That was all before Commodore bought them.
If you want to know more about the origin of the Amiga, buy the book "On The Edge" where the original engineers talk about how Commodore changed after the C64 years and decided to buy the whole Amiga dev team, rather than just license the chipset. Lots of changes had to happen to turn it into a real computer.
No, the Amiga was definitely separating the functions as well. The OS was designed to handle all the hardware calls through proper APIs. The Amiga community just regularly broke Commodore's rules and used the hardware directly because the CPU couldn't enforce good programming practice, so programmers didn't give a damn and just bypassed the OS entirely. PC programmers did the same, of course, because there effectively was no OS, but hard-coding PC hardware was risky due to massive market fragmentation. The Mac suffered the most from bad programming, but according to Apple fans, their computers never, ever crashed or had any problems... right? MacOS was a step avove MS-DOS, but not by much.
The PC was a horrible machine chucked together in the cheapest way possible since IBM had little confidence in the home PC market, but had to have something out there to look competitive. The fact that it was barebones made it possible to clone, but that awful unshared bus and non-relocatable 16-bit BIOS caused nothing but headaches. Adding hardware to the bus was anything but simple. Ever recall having to manually set interrupts and DMA settings from a custom boot disk? The hardware didn't do anything for you. It was just hacks upon hacks, and nothing was standardized. It was way too easy to plug a card into the hardware bus and end up with an unbootable system since the BIOS had no understanding of mapping memory addresses and access modes to the new hardware.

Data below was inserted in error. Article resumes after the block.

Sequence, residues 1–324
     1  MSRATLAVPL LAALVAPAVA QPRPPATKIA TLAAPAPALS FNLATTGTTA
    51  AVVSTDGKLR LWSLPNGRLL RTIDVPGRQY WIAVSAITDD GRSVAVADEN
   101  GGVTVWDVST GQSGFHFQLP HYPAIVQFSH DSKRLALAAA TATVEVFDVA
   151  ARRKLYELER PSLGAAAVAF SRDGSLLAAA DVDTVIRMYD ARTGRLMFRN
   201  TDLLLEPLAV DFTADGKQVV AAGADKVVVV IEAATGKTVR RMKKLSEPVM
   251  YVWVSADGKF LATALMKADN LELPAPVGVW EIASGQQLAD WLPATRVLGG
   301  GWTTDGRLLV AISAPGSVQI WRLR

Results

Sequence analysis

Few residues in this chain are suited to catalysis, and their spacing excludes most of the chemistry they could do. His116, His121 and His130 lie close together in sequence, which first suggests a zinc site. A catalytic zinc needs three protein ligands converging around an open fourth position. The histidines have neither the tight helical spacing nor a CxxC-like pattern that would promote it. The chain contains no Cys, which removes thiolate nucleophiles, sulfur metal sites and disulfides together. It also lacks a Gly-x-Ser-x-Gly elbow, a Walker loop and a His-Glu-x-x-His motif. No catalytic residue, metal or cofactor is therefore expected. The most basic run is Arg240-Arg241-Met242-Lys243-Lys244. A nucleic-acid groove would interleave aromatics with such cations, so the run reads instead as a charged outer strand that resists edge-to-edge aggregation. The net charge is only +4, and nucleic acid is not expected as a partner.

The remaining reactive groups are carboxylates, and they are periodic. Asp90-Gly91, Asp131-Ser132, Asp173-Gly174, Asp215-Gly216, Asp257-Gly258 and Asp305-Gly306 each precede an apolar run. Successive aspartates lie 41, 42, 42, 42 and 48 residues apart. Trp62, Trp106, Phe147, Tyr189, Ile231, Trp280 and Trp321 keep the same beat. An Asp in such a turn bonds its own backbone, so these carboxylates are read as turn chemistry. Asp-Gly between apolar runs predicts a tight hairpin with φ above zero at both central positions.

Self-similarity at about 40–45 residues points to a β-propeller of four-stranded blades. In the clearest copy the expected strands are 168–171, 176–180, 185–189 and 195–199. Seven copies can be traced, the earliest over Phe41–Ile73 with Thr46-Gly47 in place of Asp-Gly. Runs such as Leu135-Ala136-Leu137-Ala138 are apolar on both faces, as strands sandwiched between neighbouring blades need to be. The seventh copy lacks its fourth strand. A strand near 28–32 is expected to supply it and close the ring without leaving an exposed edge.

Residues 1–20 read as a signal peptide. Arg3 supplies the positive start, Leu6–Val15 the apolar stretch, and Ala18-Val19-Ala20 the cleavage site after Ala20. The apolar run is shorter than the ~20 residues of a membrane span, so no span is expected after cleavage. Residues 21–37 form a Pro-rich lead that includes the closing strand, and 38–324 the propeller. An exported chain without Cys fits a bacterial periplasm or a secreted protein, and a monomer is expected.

The Amiga was designed from the get-go to do all that stuff properly, and the OS was fully aware of any expansion cards (if you scanned for them). The ROM could also be mapped to any memory address, and there was no need for "memory managers" like on the PC. Remember QEMM386 for the PC? That didn't just make it easy to use protected memory, it also fixed a lot of the stupid memory-mapping shortcomings of the IBM architecture. The Amiga didn't need stuff like that. If you wanted to use a different disc controller than the one built into the chipset, you were supposed to extend "trackdisk.device" with a new driver and dostype. Hitting the hardware directly was the stupid way to do that, but all the game developers wanted their clever copy-protection, so they did things the stupid way, anyway.
The only reason why the chipset became a liability is because Commodore was lazy and never really updated it. If it had changed more often, programmers wouldn't have been able to get away with their stupid hacks and would just have used the OS routines -- like they were supposed to.